MANITOWOC — This is no weather for ducks. As the brutal cold keeps local waterways in its icy grip, the web-footed birds are having trouble finding enough to eat.
One half-starved duck was found Monday wandering along South Eighth Street in front of the Manitowoc County Courthouse.
“A duck was in the roadway and a woman almost hit it,” said Manitowoc police officer Katie Walters. “It flew and landed on its back and then it flipped itself over and climbed up on a snowbank and just lay there until I picked it up and put it in a pet carrier.”
The duck was resting in the carrier at the station, awaiting pickup by Wildlife Of Wisconsin, a wildlife rehabilitation organization in Cato that provides food and medical care for injured, orphaned and sick animals.
“It’s obviously exhausted. It’s not moving,” Walters said. “They’re pretty weak. They don’t have a lot to eat right now. They’re in rough shape.”
This isn’t the first duck W.O.W. has taken in this winter. Another duck was turned over Sunday after it was found at the back steps of the Herald Times Reporter.
“In the last couple of weeks, we’ve received just under 20, which might not seem like a lot but is since we usually receive only one or two diving ducks in the winter,” said Susan Theys, W.O.W. rehabilitator.
No access to food
Diving ducks, so named because they dive into the water for food, don’t fly south because they can usually find food here, Theys said.
When inland waters freeze, ducks usually turn to Lake Michigan, but that’s 70 to 80 percent covered in ice this year, she said.
“What this means is that these ducks have to go into the middle of the lake to reach water,” Theys said. “Some of them can’t dive deep enough to get the food and most of it (consisting of minnows and mussels) isn’t in the middle, it’s along the lakeshore.”
When Jim Knickelbine looks out over the West Twin River at this time of the year, he usually see lots of ducks. This winter there are none.
“They are not having a good winter,” said Knickelbine, executive director of Woodland Dunes Nature Center and Preserve in Two Rivers. “They’re expending more energy trying to find food than they normally do and all the cold weather is causing them to use up their energy reserves. As a result they’re malnourished.”
Ducks also can become stranded on ice, said Jeff Pritzl, district wildlife biologist for the DNR out of Green Bay.
When they fly around looking for open water, especially at night, they can mistake ice for water. Because of their body form, they need to run across water to take off, so when they land on ice they encounter problems, he said.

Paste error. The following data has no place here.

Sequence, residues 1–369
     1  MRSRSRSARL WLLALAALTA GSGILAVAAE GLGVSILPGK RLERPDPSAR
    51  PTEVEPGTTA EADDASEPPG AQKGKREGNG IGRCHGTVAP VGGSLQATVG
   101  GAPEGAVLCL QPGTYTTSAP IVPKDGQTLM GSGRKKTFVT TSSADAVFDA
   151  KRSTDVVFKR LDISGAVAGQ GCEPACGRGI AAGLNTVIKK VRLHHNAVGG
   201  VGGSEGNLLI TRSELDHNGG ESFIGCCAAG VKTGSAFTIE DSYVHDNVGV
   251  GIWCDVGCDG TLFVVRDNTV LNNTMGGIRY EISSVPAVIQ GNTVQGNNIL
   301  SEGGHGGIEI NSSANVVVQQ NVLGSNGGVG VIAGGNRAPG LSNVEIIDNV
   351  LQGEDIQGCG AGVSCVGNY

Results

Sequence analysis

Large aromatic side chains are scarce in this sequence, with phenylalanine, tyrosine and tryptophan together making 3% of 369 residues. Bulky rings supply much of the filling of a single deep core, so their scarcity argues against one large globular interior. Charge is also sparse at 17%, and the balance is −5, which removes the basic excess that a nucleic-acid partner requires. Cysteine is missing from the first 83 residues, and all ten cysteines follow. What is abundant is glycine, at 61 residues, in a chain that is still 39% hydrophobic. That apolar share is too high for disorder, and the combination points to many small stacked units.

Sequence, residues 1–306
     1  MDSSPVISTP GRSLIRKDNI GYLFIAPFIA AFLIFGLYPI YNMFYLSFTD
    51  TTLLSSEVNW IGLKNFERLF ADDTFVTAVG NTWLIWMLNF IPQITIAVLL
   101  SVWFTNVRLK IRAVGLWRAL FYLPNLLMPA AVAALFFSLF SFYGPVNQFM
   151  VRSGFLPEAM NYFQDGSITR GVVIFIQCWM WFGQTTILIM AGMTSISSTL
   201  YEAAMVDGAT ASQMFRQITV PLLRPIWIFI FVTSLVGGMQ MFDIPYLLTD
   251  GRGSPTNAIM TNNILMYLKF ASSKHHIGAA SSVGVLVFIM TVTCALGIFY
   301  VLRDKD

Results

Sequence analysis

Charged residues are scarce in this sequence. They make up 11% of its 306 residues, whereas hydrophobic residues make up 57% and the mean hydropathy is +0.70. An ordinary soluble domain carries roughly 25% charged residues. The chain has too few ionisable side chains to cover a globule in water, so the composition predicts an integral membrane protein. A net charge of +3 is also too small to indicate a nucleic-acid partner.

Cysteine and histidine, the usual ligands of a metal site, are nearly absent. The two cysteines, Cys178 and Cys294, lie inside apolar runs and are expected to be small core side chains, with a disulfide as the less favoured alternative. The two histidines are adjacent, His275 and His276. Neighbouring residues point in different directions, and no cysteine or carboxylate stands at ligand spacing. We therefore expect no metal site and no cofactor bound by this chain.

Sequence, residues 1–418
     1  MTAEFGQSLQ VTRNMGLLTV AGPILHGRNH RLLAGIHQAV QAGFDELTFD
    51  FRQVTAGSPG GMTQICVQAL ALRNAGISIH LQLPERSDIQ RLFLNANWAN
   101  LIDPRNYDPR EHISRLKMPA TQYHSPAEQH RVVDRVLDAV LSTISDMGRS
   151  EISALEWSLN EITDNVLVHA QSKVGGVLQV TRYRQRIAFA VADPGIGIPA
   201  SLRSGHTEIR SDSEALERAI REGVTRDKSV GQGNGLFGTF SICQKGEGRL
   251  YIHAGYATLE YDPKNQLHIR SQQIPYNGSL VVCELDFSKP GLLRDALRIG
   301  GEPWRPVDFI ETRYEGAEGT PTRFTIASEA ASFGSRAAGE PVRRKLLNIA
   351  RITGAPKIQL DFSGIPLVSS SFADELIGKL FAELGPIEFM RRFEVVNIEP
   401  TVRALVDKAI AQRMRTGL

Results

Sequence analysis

The ducks aren’t aggressive, but can be transported to the nearest open water or wildlife rehabilitator using a blanket or box, Pritzl said.
Charles Sontag was surprise when he recently found two dead mergansers in the Manitowoc harbor, a popular gathering spot for ducks during milder winters.
“This is the first year I’ve seen that kind of thing happening,” said Sontag, a retired professor of biology at the University of Wisconsin-Manitowoc, who taught for 35 years. “I’ve seen ducks taken by hawks and owls. You expect that kind of thing.”
Manitowoc has had cold winters in the past, but the river was kept open by the car ferry and other ships that used Manitowoc as their port all year long, he said.
Big problems this winter
“Rehabilitators all along the lakeshore are getting in these diving ducks, so it’s a big deal this year,” Theys said.
She has taken in eight common goldeneyes, three or four red-breasted mergansers, three or four long-tailed ducks and a couple of greater scaups.
The ducks are being found anywhere from the Lake Michigan shoreline to a mile inland, Theys said.
The female common goldeneye found Monday had to be tube-fed to rehydrate it before it could be fed live minnows and canned clams.
“It’s lucky that people responded so quickly,” Theys said. “Once a duck is down, it usually has less than 48 hours to live.”
The ducks at W.O.W. are going through four to five pounds of minnows a day, which is about 60 to 75 dozen, she said.
“Once they have reached what we consider a healthy weight and once they are waterproofed, we release them back to Lake Michigan,” Theys said. “The water has to run off their feathers. Even if they have a spot the size of dime that is not waterproofed, it will get bigger and bigger and eventually they would drown.”
Oil from hands and minnows can diminish their natural waterproofing, so they need to be bathed in water and Dawn dish detergent to restore it, she said.
To report a duck in distress, call (920) 323-5609 and someone will respond shortly. Anyone wishing to donate money for duck food can email WOW@tm.net.
Suzanne Weiss: firstname.lastname@example.org or (920) 686-2140